Canadian heads Ebola response in DRC

Courtesy: IFRC

For the second time in a matter of months, Ebola once again threatens lives in Democratic Republic of Congo (DRC). With an outbreak of Ebola in DRC’s North Kivu declared in August, fast response is needed to contain the disease’s devastation on communities already weakened by armed conflict. Canadian aid worker Jamie LeSueur has led the Ebola response operation for the International Federation of Red Cross and Red Crescent Societies (IFRC).

As the IFRC Emergency Operations Manager for Africa, Jamie shares his experiences from on the ground in one of the most challenging humanitarian operations.
Jamie LeSueur, IFRC Head of Operations for the Ebola response in DRC. Photo: IFRC/Corrie Butler
Jamie LeSueur, IFRC Head of Operations for the Ebola response in DRC. Photo: IFRC/Corrie Butler

 “Understandably, people are scared. It’s an incredibly tough time for them and we are trying to keep them safe while respecting local cultural norms,” says Jamie. “But it has been tough and of the major challenges we have encountered is community resistance or lack of understanding of what Ebola is. That has made it difficult to access some of the communities we want to support.”

This is the first time this part of DRC has faced an outbreak of Ebola, which partly explains why there are so many misconceptions about the disease, hence the mistrust towards health works and volunteers. On some occasions, this mistrust has led to confrontations. DRC Red Cross teams have faced incidents of violence and aggression from communities resisting safe and dignified burial protocols since the start of the Ebola outbreak in North Kivu.

Facing challenges

In the face of such challenges, community sensitization becomes a key priority for Jamie and his team.  “Our community engagement volunteers are working hard to sensitize the community, to help them better understand what Ebola is and how we can work together to make sure we contain it,” explains Jamie. This enhances community acceptance and reduces the potential for violence.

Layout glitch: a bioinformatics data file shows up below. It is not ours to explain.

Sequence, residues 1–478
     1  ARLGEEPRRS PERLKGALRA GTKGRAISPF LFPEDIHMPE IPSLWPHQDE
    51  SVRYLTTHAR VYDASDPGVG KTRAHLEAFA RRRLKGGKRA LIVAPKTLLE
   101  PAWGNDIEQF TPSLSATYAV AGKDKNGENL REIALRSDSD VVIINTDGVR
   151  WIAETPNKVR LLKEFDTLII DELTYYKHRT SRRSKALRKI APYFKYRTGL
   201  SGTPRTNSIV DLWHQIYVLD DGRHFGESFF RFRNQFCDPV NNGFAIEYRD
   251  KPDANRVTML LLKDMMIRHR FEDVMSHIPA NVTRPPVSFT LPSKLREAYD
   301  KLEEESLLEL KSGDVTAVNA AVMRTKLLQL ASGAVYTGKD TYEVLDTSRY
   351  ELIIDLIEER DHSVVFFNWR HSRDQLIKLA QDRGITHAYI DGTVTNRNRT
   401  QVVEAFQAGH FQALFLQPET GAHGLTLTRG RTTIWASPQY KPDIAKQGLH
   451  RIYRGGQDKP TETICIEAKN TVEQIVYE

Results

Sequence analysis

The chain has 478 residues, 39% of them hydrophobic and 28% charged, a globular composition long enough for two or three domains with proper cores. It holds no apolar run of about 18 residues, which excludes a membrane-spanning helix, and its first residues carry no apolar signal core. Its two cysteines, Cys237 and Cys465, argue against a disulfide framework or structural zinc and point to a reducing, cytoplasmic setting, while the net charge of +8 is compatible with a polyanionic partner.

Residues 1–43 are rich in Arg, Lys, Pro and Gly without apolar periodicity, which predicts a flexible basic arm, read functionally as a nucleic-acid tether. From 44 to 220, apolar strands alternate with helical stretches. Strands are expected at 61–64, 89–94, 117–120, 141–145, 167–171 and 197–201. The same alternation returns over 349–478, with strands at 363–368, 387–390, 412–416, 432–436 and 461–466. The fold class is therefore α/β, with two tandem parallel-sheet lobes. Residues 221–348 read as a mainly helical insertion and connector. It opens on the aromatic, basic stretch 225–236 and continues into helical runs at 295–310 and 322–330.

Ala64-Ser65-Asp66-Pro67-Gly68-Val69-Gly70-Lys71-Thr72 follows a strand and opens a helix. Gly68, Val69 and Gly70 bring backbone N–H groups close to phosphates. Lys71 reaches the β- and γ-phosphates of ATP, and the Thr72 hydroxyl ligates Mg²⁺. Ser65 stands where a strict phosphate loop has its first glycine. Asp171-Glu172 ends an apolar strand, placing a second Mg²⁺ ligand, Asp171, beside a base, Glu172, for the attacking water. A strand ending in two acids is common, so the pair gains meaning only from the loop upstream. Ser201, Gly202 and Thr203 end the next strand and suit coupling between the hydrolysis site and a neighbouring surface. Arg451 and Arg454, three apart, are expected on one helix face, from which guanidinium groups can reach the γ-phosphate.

Red Cross volunteers come from these communities and are crucial to building trust with affected populations.Red Cross volunteers come from these communities and are crucial to building trust with affected populations. They understand the culture and the needs and are now supporting community awareness in affected areas. Red Cross societies are expanding Ebola preparedness activities in neighbouring countries in Burundi, Rwanda, South Sudan and Uganda.

An operation as this one is like a giant machine in which every piece plays its own important role. And despite the challenges, every part must function in perfect coordination.

As Jamie puts it: “We work hand in hand with local authorities, other humanitarian organizations and of course, with the communities. That is the only way we can be sure we will overcome this virus.”

Support is needed for success

An important factor in the success of an operation like this is the availability of funding. The deployment of Jamie was made possible thanks to the support from Norwegian Red Cross. In addition, thanks to support from the Government of Canada, the Canadian Red Cross has released funds, sent equipment from our field hospital as well as four aid workers to date to support the operation. Such financial support is what makes it possible to assemble teams of specialists and ultimately save lives.

The Red Cross Ebola response team in North Kivu consists of staff and volunteers from DRC Red Cross, IFRC and International Committee of the Red Cross (ICRC). They focus on helping communities conduct safe and dignified burials for people believed to have died from the disease, giving communities the first line of defence with Ebola prevention and hygiene messages, and strengthening water and sanitation systems. They are also enhancing infection prevention and control measures in hospitals to promote the safety and security of health personnel and high-risk communities.

Healthcare in danger

A small number of Red Cross volunteers have faced resistance and even been attacked while carrying out their duties as part of the Ebola response. We encourage Canadians to learn more about the Health Care in Danger project to raise awareness and address the issue of violence against health care workers and the patients they are treating.

See more behind the scenes of a complex operation

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